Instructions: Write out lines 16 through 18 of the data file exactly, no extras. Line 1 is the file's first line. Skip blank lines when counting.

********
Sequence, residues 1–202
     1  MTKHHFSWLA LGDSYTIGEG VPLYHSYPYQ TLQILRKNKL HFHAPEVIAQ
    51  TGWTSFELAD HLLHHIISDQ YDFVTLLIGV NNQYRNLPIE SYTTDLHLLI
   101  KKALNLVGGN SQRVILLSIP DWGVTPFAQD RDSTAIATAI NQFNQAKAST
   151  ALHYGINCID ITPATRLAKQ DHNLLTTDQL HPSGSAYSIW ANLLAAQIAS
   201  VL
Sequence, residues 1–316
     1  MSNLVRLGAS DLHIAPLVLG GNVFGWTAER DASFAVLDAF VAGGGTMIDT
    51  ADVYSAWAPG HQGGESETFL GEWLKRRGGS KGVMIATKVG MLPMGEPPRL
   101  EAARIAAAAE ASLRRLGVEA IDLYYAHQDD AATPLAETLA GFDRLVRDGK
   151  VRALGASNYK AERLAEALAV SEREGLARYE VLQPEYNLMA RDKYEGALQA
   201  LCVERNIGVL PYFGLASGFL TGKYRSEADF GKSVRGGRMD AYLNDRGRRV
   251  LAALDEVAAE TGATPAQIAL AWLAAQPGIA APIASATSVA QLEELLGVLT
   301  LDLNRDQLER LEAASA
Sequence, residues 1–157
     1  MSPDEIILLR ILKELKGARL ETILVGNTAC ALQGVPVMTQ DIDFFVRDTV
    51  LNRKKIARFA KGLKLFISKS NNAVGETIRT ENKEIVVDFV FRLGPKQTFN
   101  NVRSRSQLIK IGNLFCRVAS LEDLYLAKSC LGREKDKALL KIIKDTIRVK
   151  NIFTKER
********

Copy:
     1  MSPDEIILLR ILKELKGARL ETILVGNTAC ALQGVPVMTQ DIDFFVRDTV
    51  LNRKKIARFA KGLKLFISKS NNAVGETIRT ENKEIVVDFV FRLGPKQTFN
   101  NVRSRSQLIK IGNLFCRVAS LEDLYLAKSC LGREKDKALL KIIKDTIRVK